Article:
It’s no secret that I’ve had a fascination with achieving beautiful, soft-looking skin for a while now. Not personally of course, it’s unlikely that you’ll catch me with a mud mask on any time soon — I meant in my films!

Through my experiences over the last 5 years of shooting, lighting and generally experimenting with different ideas, I’ve accumulated a list of factors that contribute to creating skin so soft it would make a feather jealous:

  • High-key Lighting
  • Diffusion
  • Cinematic camera sensors (the bigger the better!)
  • Lens choice
  • Filter glass

Back in February, I was presented with the opportunity to exercise the use of all of these factors in one music video for the Swansea-based alt-emo band, Nineteen Fifty Eight.

Director Ben Curd approached me with the idea of creating a lifted, flat, soft look and feel for the performance-led promo. The shoot posed several challenges and presented me with the opportunity to try out a number of ideas I’d been keeping on the back burner. Buckle up for a breakdown…

Lighting

The first thing that I said to Ben when he mentioned that we’d be shooting the video in a big, white empty building was “You’re going to want a full-band wide of this, aren’t you?”

He did.

The main issue with this was that while it’s pretty easy to light an individual person in a high-key manner without seeing any lights in shot, lighting five people in a big room at the same time is a bit more of a headache.

A few weeks prior to this job I had been reading about book lights and how they can be used to light a full-body shot in a diffused style. This got me thinking: Surely if you can light an area the size of person with a book light, all you have to do to light a bigger area is make a bigger book light, right?

I got on the phone to my main man Julian at Video Europe to discuss my idea, and after his usual reaction of “You want to do WHAT?” we concluded that three 1800W HMIs shooting into an 8x8ft Ultrabounce and then filtering through a 12x12ft quarter silk frame should do the trick.

When working with filter glass, it seems to be a case of the more light you smash into your subject, the more profound the effect of the filter. It was therefore very important to me that we used enough light to really get the benefit of the filters.

You’ll notice it doesn’t look like a book…

Camera & Lens

I’m afraid that, in terms of the camera, there’s not too much to talk about this time. Soz. The trusty Sony FS700 and Odyssey 7Q+ had our backs yet again. We did however decide to shoot in 4K RAW, which was unusual for us.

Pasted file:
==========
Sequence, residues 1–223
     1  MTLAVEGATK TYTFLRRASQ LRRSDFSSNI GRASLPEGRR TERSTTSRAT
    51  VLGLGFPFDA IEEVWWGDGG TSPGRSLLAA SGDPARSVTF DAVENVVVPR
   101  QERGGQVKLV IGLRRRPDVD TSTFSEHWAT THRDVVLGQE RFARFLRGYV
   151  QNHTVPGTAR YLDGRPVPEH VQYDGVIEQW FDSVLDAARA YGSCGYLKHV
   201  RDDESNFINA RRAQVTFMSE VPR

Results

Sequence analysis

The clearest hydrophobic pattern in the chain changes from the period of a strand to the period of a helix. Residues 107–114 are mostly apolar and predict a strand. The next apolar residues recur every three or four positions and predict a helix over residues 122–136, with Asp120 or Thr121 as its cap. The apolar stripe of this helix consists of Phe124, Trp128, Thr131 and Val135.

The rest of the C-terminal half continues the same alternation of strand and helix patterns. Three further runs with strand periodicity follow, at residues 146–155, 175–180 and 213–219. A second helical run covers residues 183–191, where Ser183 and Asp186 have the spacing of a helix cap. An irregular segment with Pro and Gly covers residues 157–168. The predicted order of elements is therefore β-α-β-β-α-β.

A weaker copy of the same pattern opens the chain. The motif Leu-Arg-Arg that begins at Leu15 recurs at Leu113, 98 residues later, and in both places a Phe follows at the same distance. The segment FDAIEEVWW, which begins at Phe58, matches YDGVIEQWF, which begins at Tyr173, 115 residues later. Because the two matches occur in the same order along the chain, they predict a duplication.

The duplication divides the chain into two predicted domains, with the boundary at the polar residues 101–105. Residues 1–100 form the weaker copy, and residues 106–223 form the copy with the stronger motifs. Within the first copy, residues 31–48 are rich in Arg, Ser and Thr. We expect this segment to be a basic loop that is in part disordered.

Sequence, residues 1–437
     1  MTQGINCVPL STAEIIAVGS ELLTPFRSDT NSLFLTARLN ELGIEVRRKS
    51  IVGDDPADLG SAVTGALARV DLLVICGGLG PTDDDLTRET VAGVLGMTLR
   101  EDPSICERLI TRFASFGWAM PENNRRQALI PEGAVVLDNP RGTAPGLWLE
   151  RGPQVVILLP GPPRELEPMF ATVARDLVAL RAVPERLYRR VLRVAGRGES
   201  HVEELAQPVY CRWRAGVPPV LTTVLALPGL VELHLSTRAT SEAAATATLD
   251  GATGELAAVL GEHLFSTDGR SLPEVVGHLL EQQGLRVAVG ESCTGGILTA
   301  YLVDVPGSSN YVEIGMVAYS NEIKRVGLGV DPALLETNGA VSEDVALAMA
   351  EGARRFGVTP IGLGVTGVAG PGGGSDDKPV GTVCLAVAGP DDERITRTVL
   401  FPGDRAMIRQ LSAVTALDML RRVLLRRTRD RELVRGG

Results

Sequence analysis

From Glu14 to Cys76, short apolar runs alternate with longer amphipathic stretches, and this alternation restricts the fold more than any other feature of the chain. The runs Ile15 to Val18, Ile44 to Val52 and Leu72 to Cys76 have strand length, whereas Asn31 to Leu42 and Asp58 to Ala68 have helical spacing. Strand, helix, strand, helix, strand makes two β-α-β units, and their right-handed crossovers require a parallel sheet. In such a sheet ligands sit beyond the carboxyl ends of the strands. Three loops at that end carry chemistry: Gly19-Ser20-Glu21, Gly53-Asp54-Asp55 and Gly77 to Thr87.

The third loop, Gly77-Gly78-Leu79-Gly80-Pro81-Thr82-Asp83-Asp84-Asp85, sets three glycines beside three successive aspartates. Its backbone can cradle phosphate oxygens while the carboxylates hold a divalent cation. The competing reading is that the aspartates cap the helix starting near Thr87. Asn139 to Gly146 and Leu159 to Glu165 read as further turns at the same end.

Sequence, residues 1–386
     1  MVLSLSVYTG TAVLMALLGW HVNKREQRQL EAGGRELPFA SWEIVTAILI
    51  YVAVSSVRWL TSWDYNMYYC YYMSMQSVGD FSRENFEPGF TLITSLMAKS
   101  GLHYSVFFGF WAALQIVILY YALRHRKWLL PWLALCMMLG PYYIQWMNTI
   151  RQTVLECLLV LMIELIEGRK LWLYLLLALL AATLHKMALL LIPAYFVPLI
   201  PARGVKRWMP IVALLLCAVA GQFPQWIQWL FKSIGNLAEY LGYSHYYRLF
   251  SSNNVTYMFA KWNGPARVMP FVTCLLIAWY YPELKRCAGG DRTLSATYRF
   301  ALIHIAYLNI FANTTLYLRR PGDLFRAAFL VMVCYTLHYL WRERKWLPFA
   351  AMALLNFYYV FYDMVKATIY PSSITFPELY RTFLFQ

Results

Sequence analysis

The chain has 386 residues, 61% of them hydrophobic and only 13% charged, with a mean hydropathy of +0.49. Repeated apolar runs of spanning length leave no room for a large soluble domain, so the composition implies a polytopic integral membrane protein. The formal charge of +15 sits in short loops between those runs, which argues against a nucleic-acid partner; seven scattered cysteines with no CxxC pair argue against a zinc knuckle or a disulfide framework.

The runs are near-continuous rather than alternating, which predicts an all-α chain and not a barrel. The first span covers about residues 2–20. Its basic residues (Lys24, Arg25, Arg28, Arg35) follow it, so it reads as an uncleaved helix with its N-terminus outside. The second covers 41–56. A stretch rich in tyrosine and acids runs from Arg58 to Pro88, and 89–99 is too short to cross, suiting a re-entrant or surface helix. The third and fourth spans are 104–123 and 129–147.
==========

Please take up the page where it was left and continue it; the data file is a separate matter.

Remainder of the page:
This decision came from wanting to have plenty of control over the image in post—specifically the skin tones, walls and windows in the background (I’ll touch upon this more in the post workflow section). RAW is great, but filling up a 512GB SSD in 24 minutes wasn’t ideal.

In terms of lenses, we shot most of the video on a 1970s Russian Helios 58mm. Being so old and lacking in modern coatings, this lens does a great job of diffusing light anyway, and 58mm on a super-35 sensor works really nicely as a portraiture focal length. The only other lens we used was a Samyang 24mm Cine Prime for the wide.

We shot with our desired finishing LUT on the monitor, which really helped to give us a good idea of what the final film would look like, as well as acting as another tool to tell me I was exposing correctly for the style of the film, which can usually be tricky if you’re just looking at a linear colour RAW image.

Filter Glass

The last avenue that I had to explore before I completed my quest for soft skin was filter glass. This was a bit of an enigma to me until I went to BSC last year. I’d been aware of ND filters, polarisers, and even some wackier stuff that my Grandad used to use in wedding portraits in the 70s, but I didn’t realise that filter glass was still relevant and powerful today!

After picking up a sample pack of filters from the Tiffen stand at BSC, I shot a series of tests with a variety of skin-softening filters to see which ones might be suitable for this project.

After reviewing the test footage, I decided that ‘Pearlescent’ would be most suitable for this shoot, as I was actually looking to lift the blacks—something that the ‘Black’ range of filters were designed to avoid.

After the cut was signed off, we did an XML export and made a trip to DaVinci Resolve where we were able to make the most of the RAW data. It was a bit of a relief that, after applying the S-log2 gamut settings, using the correct colour space for the timeline and then applying our chosen LUT, we could see that I’d nailed the exposure. Throughout the edit we were looking at a relatively dark, contrasty, saturated image—so it was nice to put everyone’s minds at ease.

To be honest, I was pretty surprised at just how good the results were. Seeing the lead singer’s face on a big monitor for the first time shed a light on (no pun intended) the full effectiveness of the lighting, camera and filter choices I had made.

That’s it for another instalment of Cinematography Breakdown, as always, if there’s anything I can improve, do differently or add more or less detail to, get in touch! I love talking about this stuff.

About the author

As Storm & Shelter’s in-house cinematographer, Lewis works alongside our directors to help them achieve their vision through the use of lighting, camera equipment and composition.

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Lewis Jelley